In conventional GUIs, when the user drags the selected items in the user interface, the movement of the selected items as a whole can be illustrated as an image containing representations of the selected items being dragged along by the cursor or pointing device. The appearance and spatial relationship of the selected items are static within the image as the image is dragged from one location to another in the user interface. When the items are released after the image enters the drop zone of a target container (e.g., as indicated by a change in appearance of the target container), the image disappears into the target container indicating the completion of the move.

As disclosed herein, a user can select one or more items in a user interface, and while the items are selected, the user can initiate a defined operation (e.g., a drag operation) on the selected items by a movement of a cursor or pointing device. When the operation is initiated, an animation can be presented illustrating the representations (e.g., icons) of the selected items moving from their original locations toward a current location of the cursor or pointing device in the user interface and forming a cluster in proximity to the current location of the cursor or pointing device. Hereinafter, the term “pointer” will be used to describe cursors (e.g., mouse or trackball cursors) and pointing devices (e.g., finger or stylus on a touch-sensitive display).

In some implementations, as the user continues to move the pointer during the drag operation, the representations of the selected items can move as a cluster in the user interface following the pointer (e.g., a cursor in the user interface or the touch point of a finger or stylus on a touch-sensitive display). The individual movement of each item representation in the cluster can be independently represented in terms of path, speed, and acceleration relative to other item representations in the cluster. In some implementations, the item representations can trail behind the current location of the pointer at varying distances within the cluster.

Furthermore, in some implementations, the container objects displayed in the user interface can be associated with different appearance styles, and representations of items displayed within each container object can take on characteristic appearances according to the appearance style associated with the container object. Common appearance styles can include a large icon view, a small icon view, a list view, a column view, or a picture view, for example. Other appearance styles associated with application windows can be defined by the application programs providing the application windows, for example, through an API associated with the operating system. In addition to the appearance styles for individual item representations, each container object can also define a formation style for the selected item representations collectively. Example formation styles include a free-arranged layout, a keep-arranged layout, a cluster, etc.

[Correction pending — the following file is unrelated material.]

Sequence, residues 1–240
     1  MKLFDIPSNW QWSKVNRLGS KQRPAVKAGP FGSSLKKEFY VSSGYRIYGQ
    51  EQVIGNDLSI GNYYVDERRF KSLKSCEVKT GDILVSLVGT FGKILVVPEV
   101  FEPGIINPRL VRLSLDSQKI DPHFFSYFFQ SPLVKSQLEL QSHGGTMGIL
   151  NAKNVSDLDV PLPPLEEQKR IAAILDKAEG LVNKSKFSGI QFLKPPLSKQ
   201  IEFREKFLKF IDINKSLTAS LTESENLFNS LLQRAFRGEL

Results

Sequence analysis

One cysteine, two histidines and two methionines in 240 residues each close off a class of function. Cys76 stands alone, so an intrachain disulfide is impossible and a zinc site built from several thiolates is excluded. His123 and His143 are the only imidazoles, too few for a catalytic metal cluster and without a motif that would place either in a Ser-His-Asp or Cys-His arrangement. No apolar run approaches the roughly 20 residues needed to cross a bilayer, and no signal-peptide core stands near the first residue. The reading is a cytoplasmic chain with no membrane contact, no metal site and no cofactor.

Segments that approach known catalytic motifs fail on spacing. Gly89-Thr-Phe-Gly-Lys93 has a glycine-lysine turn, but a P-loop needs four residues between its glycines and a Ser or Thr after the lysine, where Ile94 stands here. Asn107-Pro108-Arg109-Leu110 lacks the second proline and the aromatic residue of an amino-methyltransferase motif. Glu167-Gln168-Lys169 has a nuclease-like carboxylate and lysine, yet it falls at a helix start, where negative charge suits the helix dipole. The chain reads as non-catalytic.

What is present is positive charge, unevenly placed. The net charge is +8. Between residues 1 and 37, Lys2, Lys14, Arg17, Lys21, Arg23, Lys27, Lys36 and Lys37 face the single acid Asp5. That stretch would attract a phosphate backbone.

In some implementations, when items are initially selected, the representations of the selected items can have respective first appearances according to the appearance style associated with the items' respective source containers. As the representations of the selected items form a cluster and are moved over the drop zones of different container objects in the user interface, the representations of the selected items in the cluster can take on different appearances depending on the appearance style associated with the container object over which the cluster of item representations is currently located. In some implementations, when the selected items in the cluster are over areas of ineligible drop target containers, the representations of the selected items in the cluster can take on appearances based on other appearance styles that are defined by the source container object for the ineligible drop target containers. The formation style of the selected items can also change according to a formation style defined by the source container for the ineligible drop target containers.

FIGS. 1A-1C illustrate exemplary user interface changes showing representations of multiple selected items moving toward a current location of a pointer and forming a cluster near the current location of the pointer in response to the initiation of a defined operation (e.g., a drag operation) on the selected items by the pointer.

In FIG. 1A, an exemplary user interface 100 is presented. The exemplary user interface 100 can be a desktop of an operating system. A number of container objects (e.g., a folder window 104, a folder window 106, and an application window 108) are displayed on the user interface 100, for example, within a display area 102 of the desktop.